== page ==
Excerpt from my favorite book about Scotland (mine!), Gimme the Song O' the Pipes!
The boys keep making sounds about my clotted cream belly again, after my gorge on chocolates last night. My host fills the jar every day--why, why? Today is my walk around Irishman’s Point in Broadford. It sounds like a simple, interesting walk along the Broadford Bay coast. Fooh and Angus say they are ready for an adventure...little do we know...
We happily tread past the hostel, which has a prime location looking out over the bay. Fooh is impressed that I recognize the oystercatchers, with their bills even longer than their long legs which end in big chicken feet. Photo-taking of blackish, brackish seaweed turns on my artistic soul, then over a stile, around the point, along the edge of the water—when all goes haywire.
69. Irishman's Point.
It is a mucking mess, if I may say so. The rocks and basalt are slippery, so it is too difficult and no fun to walk close to the edge of the water. Up a bit is the deep sloshy, grassy muck. I become discouraged and decide to head up the hill and along a fence. The view is magnificent, with the isles of Crowlin far off in the distance, and closer up, Pabay and Longay. The going is just as tough here and I plan to move right up over the hill to the road on the far side of the conifers. No messing around.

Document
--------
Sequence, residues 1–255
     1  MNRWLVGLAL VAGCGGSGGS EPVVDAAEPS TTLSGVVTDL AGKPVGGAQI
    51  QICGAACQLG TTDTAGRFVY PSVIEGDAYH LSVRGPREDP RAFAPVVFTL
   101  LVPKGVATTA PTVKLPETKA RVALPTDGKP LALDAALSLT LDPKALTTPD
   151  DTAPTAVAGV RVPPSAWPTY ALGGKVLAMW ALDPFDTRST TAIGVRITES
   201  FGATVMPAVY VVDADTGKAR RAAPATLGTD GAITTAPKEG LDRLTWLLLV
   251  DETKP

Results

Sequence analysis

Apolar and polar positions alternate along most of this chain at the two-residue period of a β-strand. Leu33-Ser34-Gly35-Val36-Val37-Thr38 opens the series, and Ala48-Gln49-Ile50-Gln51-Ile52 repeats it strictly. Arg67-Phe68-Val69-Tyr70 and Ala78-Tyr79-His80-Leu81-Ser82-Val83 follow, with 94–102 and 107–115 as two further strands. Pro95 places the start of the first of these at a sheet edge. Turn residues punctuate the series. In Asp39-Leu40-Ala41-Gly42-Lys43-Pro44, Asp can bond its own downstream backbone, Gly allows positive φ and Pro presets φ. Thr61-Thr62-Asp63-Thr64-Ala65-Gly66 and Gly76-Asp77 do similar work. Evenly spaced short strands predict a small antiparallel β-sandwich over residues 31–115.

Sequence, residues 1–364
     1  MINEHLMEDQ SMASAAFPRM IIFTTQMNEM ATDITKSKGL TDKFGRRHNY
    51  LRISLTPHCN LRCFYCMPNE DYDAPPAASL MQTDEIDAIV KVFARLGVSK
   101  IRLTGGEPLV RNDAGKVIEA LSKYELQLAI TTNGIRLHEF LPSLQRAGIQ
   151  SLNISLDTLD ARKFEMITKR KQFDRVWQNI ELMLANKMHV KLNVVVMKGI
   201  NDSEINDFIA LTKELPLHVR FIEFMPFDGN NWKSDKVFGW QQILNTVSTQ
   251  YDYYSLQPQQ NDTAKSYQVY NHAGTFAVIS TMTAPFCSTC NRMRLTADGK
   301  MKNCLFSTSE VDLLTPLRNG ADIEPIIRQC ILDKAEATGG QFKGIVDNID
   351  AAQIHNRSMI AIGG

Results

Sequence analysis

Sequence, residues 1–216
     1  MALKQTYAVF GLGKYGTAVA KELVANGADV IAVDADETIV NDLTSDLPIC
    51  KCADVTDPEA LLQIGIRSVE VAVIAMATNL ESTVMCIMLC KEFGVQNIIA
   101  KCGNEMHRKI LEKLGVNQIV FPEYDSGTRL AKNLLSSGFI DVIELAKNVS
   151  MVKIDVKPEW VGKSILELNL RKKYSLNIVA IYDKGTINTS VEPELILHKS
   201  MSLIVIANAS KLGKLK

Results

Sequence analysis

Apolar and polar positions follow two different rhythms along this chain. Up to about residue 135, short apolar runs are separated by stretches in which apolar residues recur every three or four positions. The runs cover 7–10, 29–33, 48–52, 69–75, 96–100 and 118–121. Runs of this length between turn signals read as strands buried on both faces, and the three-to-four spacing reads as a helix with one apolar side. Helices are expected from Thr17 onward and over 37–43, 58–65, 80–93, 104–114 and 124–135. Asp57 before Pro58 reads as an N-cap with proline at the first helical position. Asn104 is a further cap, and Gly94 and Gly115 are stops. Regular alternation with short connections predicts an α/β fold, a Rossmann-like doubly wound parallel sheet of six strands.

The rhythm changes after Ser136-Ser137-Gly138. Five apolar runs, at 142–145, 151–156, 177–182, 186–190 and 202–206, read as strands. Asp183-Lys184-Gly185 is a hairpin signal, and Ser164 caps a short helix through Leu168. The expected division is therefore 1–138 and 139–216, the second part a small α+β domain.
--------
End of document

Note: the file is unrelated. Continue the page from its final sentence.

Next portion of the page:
The fence is un-crossable here, so we follow it around the corner and keep climbing. I have to go pee, but decide to wait, then it gets worse, because I have to go poo. Oh dear. This happens to me every time I go into a bookstore. But why here? Okay, so it could be readily taken care of, except there is nowhere to step except on my bit of patchy grass. So my task is to squat in my own bed, so to speak, find bits of dried leafy vegetation to use and move on, hoping the troops aren’t close behind me—I can hear them now...oh yuck, what the...?